I was quite impressed with the humorous front-page headline on last week’s edition of The Rider News — especially since some of my students missed class to attend the canceled concert. But that initial impression quickly turned to confusion and disappointment. At the bottom of the Letters to the Editor section, The Rider News stated that it “will no longer be accepting letters in regard to the April 3 letter from Craig Peterson.” How, I wonder, is it possible to no longer accept letters on any topic? Regardless, whether The Rider News wishes to publish letters on any topic is certainly an editorial decision and is par for the course in journalism.
But I am thoroughly confused why any media outlet would inform readers that this issue is no longer worthy of discussion to the point of discouraging public discourse. The issue was a former alumnus — a journalism alumnus no less — expressing his sincere opinion some 30 years after he graduated about one of Rider’s coaches. I would hope that, 30 years in the future, current members of the editorial staff of The Rider News are still interested in their alma matter and not only follow events at Rider but are also even willing to write in and start a great discussion regardless whether it is about sports or Rider in general.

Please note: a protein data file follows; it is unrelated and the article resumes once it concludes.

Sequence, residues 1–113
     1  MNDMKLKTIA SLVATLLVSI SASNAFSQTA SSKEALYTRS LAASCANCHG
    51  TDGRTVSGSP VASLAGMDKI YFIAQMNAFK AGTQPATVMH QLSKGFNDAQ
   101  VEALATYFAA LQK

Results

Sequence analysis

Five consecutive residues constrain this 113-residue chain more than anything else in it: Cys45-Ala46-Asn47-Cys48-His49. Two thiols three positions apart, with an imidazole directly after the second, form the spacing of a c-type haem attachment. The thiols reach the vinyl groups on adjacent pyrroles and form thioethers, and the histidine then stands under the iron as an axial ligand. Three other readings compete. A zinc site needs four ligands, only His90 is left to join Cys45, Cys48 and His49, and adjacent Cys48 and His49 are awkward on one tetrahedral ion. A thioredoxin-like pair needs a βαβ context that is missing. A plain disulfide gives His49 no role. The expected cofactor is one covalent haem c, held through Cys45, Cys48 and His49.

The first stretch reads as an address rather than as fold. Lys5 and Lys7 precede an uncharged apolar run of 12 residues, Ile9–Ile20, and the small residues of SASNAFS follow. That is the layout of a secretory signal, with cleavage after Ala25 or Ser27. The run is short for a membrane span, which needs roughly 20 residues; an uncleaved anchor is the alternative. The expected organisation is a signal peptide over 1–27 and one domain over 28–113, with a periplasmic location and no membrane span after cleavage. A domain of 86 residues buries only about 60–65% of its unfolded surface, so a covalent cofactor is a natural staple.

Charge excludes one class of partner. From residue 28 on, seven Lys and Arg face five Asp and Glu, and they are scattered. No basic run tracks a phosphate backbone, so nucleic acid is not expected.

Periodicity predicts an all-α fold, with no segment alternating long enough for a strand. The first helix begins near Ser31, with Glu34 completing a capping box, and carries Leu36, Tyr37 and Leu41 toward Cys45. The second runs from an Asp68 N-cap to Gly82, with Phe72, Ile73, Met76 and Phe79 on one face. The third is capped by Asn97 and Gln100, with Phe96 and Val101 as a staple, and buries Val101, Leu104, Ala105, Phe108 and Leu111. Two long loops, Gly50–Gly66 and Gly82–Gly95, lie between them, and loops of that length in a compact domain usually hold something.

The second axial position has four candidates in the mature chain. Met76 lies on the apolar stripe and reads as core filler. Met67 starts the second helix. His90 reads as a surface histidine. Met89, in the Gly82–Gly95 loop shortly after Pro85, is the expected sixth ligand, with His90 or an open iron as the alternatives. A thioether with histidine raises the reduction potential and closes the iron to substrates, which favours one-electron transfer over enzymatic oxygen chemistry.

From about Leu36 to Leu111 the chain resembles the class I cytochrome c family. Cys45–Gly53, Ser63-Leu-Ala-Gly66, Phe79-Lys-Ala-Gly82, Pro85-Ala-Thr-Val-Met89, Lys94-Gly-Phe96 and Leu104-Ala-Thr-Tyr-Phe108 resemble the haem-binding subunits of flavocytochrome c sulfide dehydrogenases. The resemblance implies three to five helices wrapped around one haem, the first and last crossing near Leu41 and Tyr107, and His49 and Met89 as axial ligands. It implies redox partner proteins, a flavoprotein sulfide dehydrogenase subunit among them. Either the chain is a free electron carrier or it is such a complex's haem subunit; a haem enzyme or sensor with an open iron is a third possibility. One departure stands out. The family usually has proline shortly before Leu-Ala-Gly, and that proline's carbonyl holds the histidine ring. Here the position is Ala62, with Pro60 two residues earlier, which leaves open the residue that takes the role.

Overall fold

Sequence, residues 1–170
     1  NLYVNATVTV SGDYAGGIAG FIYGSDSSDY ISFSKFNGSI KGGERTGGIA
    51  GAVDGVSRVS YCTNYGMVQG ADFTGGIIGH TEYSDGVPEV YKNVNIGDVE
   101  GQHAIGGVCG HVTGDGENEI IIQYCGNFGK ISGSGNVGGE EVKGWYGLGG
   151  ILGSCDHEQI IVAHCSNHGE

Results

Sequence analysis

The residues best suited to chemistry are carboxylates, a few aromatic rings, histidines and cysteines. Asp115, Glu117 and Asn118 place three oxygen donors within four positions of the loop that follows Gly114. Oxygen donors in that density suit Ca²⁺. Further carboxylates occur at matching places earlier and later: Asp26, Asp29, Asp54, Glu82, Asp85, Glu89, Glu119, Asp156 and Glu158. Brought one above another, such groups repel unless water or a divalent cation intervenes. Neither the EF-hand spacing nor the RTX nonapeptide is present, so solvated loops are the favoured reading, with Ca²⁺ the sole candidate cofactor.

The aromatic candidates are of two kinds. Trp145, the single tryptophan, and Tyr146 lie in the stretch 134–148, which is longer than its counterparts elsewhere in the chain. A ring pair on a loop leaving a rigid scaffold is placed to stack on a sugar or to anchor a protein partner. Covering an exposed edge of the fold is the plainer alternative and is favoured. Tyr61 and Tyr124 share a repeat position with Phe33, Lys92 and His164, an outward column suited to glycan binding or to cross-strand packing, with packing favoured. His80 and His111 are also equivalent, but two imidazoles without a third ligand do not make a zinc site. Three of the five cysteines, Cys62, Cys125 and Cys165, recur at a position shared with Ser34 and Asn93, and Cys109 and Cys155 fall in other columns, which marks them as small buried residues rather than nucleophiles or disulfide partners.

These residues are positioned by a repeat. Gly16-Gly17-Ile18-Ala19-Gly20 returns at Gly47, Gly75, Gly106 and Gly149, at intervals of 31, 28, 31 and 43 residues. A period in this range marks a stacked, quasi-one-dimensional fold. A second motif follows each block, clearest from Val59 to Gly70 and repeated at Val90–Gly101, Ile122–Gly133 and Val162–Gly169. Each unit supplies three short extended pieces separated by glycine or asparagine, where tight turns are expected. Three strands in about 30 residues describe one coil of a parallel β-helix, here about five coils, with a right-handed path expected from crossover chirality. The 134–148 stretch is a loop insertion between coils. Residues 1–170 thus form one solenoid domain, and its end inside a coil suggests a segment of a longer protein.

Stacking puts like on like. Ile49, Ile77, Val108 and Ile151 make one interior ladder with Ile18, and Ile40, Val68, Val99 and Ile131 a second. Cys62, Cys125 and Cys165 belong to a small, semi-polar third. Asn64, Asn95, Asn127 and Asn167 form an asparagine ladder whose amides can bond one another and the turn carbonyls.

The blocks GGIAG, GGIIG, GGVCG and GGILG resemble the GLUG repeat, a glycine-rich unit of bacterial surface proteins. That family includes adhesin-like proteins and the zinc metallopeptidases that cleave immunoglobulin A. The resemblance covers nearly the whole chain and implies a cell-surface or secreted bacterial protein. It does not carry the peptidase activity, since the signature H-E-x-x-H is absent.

With the various opinions and the amount of interest, it seems quite clear that the issue deserves more attention rather than a mere cautionary note on the bottom of the page informing readers not to waste their time — the time of The Rider News or of readers — by writing about the topic. I hate to think of the impact this statement has had on student and community readers.
One of the fundamental cores of journalistic integrity is serving as a conduit for the voices of people. When those people are seemingly admonished for wanting to express their interests, the voices of people do not have a chance.
This topic is about sports, which is quite an important topic for many, but I’d hate to see the outcry if a media outlet claimed, for example, that the Iraq war has been discussed enough and it’s time to move on.
Dr. David R. Dewberry
Assistant Professor Department of Communication & Journalism
Editor, Communication Law Review